Triggering content does not mean a book is problematic.
Problematic books can also be helpful for some people to work through their traumas.
I don’t always talk about what other people find problematic, because I don’t always personally agree. But I do always sit back and take notice when I see it. It is part of being a responsible, adult, book blogger. To be informed and respectful, even when you disagree.
Why Does This Matter?
OK, so we covered some basic educational notes about what a trigger actually is and whatnot. And I bet you are sitting there, maybe rolling your eyes and wondering why I am bothering, and why any of this matters.
The thing is, young adult literature is not for us, the adults who love it. Don’t get me wrong — I really enjoy YA books, and I don’t believe in shaming people because of what they read… especially if people are calling down adults for reading YA. That isn’t cool. At all.
I don’t know any YA author who thinks anything about their adult readers while they write. They are writing for teens. They are writing stories that teens need. Finding yourself is not exclusive to one kind of literature — teens can do it with adult books, and adults can do it with teen books. So, we can love our YA books as adults, but we need to recognize that they aren’t for us. They are for teenagers.
Teenagers are smart. They are critical thinkers. But they are also impressionable. They are going through some really formative stuff. Some of them are dealing with some really heavy stuff. Some of them aren’t. Some of them have great support systems to talk with about what they read. And some of them don’t.
It matters, especially in the scope of YA literature. I had my parents and an excellent English teacher I could talk to about books. I look at teenagers today who are dealing with so much stuff, and yeah I want to protect them. Or rather, I want to help them protect themselves. I don’t want to dictate what they can or can’t read, but I do want to give as much information as I can and let them decide.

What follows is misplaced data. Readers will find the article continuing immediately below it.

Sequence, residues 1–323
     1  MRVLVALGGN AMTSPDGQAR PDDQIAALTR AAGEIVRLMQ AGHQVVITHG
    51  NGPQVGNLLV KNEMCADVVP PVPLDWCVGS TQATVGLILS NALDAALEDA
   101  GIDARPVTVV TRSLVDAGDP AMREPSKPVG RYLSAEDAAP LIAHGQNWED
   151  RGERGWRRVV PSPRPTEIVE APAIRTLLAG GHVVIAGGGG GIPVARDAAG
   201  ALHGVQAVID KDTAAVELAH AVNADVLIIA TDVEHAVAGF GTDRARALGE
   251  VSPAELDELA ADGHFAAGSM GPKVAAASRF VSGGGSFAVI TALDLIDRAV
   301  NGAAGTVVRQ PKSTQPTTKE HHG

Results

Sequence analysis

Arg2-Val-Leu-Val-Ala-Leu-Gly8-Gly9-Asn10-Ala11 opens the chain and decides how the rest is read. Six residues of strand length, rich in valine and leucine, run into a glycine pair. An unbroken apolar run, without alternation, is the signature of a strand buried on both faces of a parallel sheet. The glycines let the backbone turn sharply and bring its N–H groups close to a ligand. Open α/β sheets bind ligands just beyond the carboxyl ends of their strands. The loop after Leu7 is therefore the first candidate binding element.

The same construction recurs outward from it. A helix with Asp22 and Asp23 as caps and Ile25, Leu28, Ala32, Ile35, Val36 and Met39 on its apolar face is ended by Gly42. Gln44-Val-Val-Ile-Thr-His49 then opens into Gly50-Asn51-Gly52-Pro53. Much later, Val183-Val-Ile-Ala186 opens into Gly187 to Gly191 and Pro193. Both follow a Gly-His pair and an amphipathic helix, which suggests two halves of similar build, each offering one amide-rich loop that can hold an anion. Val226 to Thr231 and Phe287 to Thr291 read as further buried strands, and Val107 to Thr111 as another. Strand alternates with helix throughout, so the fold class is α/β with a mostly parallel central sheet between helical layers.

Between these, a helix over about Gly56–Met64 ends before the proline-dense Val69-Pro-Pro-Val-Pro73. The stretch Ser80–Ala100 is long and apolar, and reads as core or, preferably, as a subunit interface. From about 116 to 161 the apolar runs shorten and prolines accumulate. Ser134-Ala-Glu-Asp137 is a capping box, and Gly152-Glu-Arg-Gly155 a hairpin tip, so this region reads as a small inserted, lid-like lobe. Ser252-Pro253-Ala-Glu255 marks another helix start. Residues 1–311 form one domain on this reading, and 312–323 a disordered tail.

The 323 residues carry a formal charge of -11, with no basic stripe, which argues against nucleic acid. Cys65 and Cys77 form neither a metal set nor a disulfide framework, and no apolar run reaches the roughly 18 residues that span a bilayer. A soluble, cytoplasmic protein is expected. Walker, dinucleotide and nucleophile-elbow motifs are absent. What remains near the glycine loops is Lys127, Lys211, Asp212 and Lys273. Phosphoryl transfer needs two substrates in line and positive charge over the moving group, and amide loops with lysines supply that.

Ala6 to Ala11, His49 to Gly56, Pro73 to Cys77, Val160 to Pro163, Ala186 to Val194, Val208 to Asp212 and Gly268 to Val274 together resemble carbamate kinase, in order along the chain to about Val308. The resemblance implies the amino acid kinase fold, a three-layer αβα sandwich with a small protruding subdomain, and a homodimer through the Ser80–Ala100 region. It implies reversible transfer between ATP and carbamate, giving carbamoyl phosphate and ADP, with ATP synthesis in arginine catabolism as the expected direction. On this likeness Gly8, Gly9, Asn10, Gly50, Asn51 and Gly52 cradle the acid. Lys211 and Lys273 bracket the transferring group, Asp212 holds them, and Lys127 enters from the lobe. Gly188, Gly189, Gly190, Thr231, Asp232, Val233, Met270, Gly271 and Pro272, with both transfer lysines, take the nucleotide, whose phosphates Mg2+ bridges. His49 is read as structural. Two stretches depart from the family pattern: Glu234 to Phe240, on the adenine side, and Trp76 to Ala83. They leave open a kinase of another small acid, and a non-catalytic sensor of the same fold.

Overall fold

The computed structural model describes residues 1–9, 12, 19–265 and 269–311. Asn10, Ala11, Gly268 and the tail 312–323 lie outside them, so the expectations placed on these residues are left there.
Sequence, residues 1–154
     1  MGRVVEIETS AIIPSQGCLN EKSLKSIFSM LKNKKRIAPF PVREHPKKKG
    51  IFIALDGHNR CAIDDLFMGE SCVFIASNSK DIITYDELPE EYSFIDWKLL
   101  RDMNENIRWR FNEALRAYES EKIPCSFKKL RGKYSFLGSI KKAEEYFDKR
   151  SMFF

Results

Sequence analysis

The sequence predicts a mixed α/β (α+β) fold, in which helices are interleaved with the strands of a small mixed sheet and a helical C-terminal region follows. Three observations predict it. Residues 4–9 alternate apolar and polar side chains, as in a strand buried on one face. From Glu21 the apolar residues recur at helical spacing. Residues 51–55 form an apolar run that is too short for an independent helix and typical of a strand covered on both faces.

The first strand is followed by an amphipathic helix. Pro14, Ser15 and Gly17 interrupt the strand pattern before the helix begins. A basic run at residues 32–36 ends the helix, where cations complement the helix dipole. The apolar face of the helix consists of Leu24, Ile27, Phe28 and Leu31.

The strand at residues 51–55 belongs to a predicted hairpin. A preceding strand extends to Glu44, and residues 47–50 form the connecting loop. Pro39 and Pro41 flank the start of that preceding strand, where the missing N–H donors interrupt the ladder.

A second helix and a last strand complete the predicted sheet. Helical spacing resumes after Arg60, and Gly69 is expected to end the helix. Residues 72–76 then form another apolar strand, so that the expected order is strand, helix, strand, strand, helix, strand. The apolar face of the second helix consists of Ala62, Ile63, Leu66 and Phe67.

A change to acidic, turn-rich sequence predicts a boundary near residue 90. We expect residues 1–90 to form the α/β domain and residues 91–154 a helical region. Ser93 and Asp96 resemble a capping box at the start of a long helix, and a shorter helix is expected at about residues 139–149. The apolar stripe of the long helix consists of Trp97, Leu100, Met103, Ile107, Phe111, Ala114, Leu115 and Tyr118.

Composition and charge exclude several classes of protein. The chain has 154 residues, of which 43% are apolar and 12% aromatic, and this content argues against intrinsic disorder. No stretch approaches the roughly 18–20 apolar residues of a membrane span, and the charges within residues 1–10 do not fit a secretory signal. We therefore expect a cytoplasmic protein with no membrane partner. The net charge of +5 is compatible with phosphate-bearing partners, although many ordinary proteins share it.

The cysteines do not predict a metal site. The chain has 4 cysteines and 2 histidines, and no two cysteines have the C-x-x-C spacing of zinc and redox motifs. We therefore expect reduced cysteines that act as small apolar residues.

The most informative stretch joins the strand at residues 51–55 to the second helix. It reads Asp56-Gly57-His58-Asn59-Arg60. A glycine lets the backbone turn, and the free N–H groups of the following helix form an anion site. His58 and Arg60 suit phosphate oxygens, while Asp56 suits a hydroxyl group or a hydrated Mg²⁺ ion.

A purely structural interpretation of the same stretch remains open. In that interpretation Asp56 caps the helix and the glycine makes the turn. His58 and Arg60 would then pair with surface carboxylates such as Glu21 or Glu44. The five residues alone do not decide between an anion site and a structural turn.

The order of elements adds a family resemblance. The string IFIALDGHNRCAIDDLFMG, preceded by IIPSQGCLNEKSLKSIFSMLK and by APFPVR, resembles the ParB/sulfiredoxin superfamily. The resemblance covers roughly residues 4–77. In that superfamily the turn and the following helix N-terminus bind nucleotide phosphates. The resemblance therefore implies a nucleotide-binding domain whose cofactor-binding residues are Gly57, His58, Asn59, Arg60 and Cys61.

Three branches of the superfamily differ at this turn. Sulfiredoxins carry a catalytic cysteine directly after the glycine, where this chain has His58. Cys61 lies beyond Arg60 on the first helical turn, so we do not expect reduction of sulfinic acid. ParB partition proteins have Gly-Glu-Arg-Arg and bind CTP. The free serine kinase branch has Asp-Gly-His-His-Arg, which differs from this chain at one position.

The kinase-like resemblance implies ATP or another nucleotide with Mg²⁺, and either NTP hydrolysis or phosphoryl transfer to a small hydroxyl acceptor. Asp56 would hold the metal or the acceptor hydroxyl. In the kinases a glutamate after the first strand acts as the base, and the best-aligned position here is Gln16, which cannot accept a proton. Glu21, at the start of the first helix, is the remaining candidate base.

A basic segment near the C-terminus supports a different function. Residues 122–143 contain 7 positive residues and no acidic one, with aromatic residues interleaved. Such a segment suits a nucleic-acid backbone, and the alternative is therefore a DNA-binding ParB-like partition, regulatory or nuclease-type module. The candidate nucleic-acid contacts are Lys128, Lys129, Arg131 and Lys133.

The trigger warnings and warnings of problematic content on YA books? Pro-tip: You can ignore them if you want to, especially as an adult reader. Unless you have triggers, or you are responsible for putting books into hands of teens (as a librarian, a blogger, etc.) then you go ahead and just ignore those things. They aren’t for you, anyways. They take nothing away from your reading experience by existing.
A Few More Personal Notes
I will always choose to be kind and respectful. I will always choose to be cautious when I promote books to certain audiences. Words are powerful.
I am not a blind follower of anything. I don’t blindly love all of an author’s work, and I don’t blindly discredit everything an author wrote because someone somewhere said it was problematic. I do not attack authors or publishers if they have books I don’t like or agree with.
I don’t review books I haven’t read.
I have been bullied, harassed, and chased off of all sorts of social media for sharing opinions like this before. So, this post? Hard for me.
OK, that is all I have in me for today, lovelies! Reminder that I am very cool with friendly and respectful discussion, even if you disagree.
Stay bookish ♥